Endgame is really more an event than a movie, a culmination of the franchise that is the perfect embodiment of everything good and bad in the Marvel Cinematic Universe. On the plus side it has fascinating archetypal characters and great moments of poignancy and levity, but on the downside it also has some narrative incoherence, sense-assaulting battle scenes that are relentlessly vapid, and a heavy dose of cringe worthy “wokeness” and political correctness that is shameless in its corporate human resources level pandering.

All of that said, Endgame succeeds because it ultimately satisfies on an emotional, psychological and narrative level as a conclusion to the twenty-two film Marvel epic that has dominated popular culture for the last decade. The story leaves no loose ends or arcs unfulfilled, and that is really all you can ask from a movie like this.

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The sun at the center of this cinematic universe is Robert Downey Jr, whose skill, charisma and charm have propelled the MCU forward from day one. Without Downey Jr as Iron Man, none of this stuff works…none of it. Chris Evans, Chris Hemsworth, Chris Pratt, Mark Ruffalo and all the rest do solid work as their respective super heroes, but none of them could carry this franchise like Downey Jr. has. When Downey Jr. stops being Iron Man, and that day will eventually come, Marvel/Disney is going to take a big hit…I promise you that.

The ensemble of Endgame all do decent if unspectacular work with a few notable exceptions. On the plus side, Paul Rudd and Chris Hemsworth are fantastic, as both of them fully commit and have impeccable comedy chops (who would’ve thought that Thor would be the comedy gold in the Marvel universe?). As for the negative side…good lord…Brie Larson is just dreadful. Now to be fair, I have not seen Captain Marvel…so maybe she is great in that, but in Endgame you could’ve replaced her with a cigar store wooden Indian and it wouldn’t have made the slightest bit of difference. Larson is so dead-eyed it seems like she died on the table while undergoing a charisma bypass and we are left to watch her corpse be animatronically maneuvered throughout the movie.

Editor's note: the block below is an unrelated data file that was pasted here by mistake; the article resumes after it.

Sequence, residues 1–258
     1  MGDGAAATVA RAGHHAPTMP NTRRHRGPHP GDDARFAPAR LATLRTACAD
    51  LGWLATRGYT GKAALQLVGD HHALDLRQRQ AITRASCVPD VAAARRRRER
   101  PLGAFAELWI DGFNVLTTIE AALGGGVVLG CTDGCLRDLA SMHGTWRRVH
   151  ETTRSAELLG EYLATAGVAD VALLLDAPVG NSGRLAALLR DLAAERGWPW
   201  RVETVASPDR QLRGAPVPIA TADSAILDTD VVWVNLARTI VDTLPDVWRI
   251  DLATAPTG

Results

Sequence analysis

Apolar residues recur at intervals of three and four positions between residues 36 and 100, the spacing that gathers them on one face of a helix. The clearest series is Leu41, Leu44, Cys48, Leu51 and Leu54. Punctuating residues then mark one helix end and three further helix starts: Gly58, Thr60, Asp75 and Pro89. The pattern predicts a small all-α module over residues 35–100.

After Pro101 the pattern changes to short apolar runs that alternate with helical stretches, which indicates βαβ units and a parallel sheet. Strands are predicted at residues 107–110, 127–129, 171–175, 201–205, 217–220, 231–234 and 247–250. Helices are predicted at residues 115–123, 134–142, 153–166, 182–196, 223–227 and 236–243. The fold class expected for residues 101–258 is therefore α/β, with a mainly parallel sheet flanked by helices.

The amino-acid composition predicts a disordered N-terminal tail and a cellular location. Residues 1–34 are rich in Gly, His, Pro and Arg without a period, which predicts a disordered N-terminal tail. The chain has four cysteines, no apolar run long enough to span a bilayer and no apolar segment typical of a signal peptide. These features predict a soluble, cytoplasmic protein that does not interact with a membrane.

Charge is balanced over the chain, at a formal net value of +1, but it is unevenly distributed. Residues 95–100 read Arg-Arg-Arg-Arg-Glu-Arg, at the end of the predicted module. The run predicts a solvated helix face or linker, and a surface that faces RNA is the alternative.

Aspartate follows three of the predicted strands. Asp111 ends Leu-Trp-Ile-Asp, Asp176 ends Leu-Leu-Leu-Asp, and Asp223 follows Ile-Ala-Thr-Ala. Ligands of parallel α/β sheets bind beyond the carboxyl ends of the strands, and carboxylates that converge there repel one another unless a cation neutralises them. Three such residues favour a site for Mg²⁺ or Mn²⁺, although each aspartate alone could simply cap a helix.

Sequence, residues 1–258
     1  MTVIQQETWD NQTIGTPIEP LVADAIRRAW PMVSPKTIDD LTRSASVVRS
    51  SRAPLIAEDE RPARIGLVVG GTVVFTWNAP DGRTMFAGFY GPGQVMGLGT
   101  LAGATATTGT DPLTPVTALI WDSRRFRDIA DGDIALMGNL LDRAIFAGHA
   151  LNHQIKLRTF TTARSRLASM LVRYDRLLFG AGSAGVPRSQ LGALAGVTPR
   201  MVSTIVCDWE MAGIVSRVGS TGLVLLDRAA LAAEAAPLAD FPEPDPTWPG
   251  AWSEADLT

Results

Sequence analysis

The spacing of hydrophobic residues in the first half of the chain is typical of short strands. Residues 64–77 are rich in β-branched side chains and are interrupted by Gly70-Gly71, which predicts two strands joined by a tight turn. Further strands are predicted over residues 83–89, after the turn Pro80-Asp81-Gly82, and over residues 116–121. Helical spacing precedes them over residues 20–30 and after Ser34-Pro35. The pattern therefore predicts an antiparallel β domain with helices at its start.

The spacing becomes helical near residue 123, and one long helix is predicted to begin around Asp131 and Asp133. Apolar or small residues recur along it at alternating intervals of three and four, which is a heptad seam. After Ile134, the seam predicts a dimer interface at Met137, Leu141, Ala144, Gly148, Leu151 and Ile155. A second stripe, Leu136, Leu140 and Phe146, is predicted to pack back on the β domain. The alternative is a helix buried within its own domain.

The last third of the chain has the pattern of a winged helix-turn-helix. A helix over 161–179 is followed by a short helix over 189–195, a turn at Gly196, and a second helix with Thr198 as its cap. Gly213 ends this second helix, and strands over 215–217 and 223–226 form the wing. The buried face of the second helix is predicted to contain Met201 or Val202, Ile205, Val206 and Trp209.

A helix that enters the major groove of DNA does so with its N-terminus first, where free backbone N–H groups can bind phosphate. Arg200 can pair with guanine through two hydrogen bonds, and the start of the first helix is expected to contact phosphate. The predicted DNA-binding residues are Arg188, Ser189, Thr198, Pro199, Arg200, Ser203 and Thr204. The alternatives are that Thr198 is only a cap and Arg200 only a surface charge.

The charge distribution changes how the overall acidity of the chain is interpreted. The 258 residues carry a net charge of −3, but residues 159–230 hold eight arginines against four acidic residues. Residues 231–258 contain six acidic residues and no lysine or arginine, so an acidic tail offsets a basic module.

There are also some issues with narrative incoherence in the film, mostly dealing with the topic of time travel. The lack of “time travel rules” clarity makes the whole enterprise pretty confusing and logically unstable if you try and follow it too closely. The best approach is to leave logic at home, where it is hopefully safe and sound, and just go with where the movie takes you. The logic/time travel issue though is a big reason that the film doesn’t soared like Infinity War did, which had a very clear and concise plot from which all of the action seamlessly flowed. In Endgame the plot feels more like a manufactured way for Disney to escape any commitment to what took place in Infinity War that could dare harm the corporate bottom line by taking away some cash cows.

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While Endgame is the end of this phase of the MCU, Disney has a plethora of Marvel movies lined up for the next few years as they keep the assembly line going. As stated, the next phase is going to have a bumpy time of it as Disney is trying to transition to younger and more diverse stars to refill some roles. Disney is betting big that Brie Larson and Captain Marvel will be the female equivalent of Robert Downey Jr. and Iron Man, the new sun at the center of the Marvel universe. That is a bad bet, as Larson has big shoes to fill and very little feet with which to fill them.

Disney’s desire for more diverse Marvel movie characters, like a Black Captain America or a Latina Hulk, may (or may not) be a noble idea, but just as it did in comic book sales, it will negatively affect the bottom line at the box office. In my opinion it will also affect the artistic and cultural value of the films, for as I keep saying, “wokeness kills art”….but that is a painful discussion for another day.